New Zealand is now contemplating using the same set of incentives to boost immunisation rates that Australia used to boost it’s rates from 50% to 91%. The MacDoctor is not convinced that New Zealanders will respond quite as well as Australians to the incentives. The incentives were:
- Cash payments to parents for completing immunisations at 6 months and four years.
- Cash bonuses to doctors for improving their immunisation uptake
- Monitoring immunisation targets and having immunisation days
- Attempted eradication of measles
- Schools refusing to take un-immunised children
While this worked well in Australia, one has to consider the composition of parents un-vacccinated children. They come in two types.
- Parents who are genuinely concerned that vaccination is dangerous
- Parents who couldn’t be arsed to vaccinate their kids.
I postulate that Australia had a great deal of parents in the second category. Unfortunately, I suspect New Zealand has a far smaller portion of parents in category 2 and a much higher spread of parents in category 1. Parents in category 1 are not going to be moved by any financial incentive (seen as “we’ll give you this small amount of money, if you let us poison your children”). They will not be persuaded by GPs with a vested financial interest, nor by nurses with a gung-ho “vaccinate anything that moves” attitude. Schools refusing to take children will just see these parents move their children to private schools or to a home-schooling environment (where, frankly, they will be unlikely to catch the childhood diseases they are not immunised against!). In short, New Zealand is unlikely to see the massive improvement Australia saw and the increase expenditure will be largely wasted.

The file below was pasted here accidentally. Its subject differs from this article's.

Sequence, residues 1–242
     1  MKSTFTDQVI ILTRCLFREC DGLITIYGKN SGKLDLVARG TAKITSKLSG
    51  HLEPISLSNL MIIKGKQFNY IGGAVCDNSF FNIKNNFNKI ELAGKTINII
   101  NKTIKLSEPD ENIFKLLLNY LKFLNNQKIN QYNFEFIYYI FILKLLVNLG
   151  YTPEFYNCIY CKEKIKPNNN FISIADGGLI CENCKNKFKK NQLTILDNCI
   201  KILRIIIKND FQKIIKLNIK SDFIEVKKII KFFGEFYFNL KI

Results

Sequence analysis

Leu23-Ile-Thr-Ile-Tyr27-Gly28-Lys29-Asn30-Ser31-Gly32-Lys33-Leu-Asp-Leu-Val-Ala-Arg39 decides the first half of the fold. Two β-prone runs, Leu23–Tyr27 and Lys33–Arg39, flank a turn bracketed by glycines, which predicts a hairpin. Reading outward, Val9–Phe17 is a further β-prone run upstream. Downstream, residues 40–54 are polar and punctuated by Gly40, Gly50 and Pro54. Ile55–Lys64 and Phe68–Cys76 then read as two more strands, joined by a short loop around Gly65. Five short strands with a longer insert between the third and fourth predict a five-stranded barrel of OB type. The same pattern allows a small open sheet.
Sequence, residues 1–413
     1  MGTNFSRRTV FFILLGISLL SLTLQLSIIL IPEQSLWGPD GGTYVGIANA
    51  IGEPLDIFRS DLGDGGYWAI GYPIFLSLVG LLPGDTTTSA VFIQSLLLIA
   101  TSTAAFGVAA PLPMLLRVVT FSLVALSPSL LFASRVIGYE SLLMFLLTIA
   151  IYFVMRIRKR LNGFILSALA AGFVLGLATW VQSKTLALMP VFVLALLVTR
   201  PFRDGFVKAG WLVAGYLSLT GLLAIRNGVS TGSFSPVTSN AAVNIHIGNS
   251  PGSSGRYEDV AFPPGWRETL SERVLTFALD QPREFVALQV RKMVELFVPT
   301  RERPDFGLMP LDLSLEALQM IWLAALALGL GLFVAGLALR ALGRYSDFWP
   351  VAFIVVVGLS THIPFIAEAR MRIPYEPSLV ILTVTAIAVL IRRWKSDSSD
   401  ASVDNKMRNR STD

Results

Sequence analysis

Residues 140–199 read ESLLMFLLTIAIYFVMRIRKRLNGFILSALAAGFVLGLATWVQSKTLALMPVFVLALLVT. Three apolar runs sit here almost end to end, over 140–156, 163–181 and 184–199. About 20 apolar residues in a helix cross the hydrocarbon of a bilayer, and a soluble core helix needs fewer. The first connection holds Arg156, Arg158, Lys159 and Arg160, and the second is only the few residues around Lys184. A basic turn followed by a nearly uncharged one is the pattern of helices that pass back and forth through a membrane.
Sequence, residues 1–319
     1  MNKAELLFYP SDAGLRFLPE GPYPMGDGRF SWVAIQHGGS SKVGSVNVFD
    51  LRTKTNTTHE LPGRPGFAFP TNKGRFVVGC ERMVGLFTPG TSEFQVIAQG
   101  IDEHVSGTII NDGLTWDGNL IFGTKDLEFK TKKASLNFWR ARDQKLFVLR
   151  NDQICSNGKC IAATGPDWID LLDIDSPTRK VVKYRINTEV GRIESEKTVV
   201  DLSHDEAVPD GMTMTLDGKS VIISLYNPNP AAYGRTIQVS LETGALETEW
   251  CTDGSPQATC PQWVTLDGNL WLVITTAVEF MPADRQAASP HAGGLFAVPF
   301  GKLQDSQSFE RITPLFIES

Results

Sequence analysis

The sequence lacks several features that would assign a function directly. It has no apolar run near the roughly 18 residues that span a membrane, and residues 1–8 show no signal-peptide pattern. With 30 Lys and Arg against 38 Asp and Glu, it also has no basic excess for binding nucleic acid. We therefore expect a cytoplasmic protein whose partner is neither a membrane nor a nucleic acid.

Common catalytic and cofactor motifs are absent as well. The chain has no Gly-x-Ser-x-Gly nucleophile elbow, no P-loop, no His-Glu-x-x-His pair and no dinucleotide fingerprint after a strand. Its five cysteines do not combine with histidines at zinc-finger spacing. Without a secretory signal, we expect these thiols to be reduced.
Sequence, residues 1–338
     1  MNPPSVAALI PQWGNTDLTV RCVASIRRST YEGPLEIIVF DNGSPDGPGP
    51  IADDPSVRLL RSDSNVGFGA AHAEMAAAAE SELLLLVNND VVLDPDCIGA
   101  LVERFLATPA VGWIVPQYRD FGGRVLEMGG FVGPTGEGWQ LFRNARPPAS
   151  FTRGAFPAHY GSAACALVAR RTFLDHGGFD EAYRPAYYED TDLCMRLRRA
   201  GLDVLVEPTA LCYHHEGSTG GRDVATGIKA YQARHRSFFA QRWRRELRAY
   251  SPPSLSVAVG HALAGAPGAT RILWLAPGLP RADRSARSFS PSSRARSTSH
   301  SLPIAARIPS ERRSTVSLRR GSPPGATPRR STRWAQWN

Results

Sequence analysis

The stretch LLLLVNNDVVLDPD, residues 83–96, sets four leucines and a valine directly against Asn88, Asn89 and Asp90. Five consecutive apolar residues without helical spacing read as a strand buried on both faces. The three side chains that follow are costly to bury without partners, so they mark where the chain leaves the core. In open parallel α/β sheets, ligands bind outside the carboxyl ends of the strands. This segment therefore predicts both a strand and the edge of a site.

Note: I have no hard data to support my conclusion, just my general experience. But it would be very advisable for the MoH to run a survey to determine the mix of parents who decline to immunise their children before copying Australia’s effort.
I also have deep concerns about the ethical nature of banning children from creche, primary and secondary schooling on the basis of their immunisation status. That goes for threatening to cut benefits as well. To me, it seems incredibly stupid to seriously harm children’s education and deepen their poverty levels in order to force people to have their children immunised. The consequence will be that those who opt out for conscientious reasons will suffer these harms, since they sincerely believe their children’s health will be seriously harmed by vaccination. These methods are therefore, in my opinion, completely inappropriate, regardless of the numbers of parents in the first category above.
You wouldn’t approve of a doctor who gave a person (of sound mind) an injection against their will. Why should we approve a government that tries the same thing?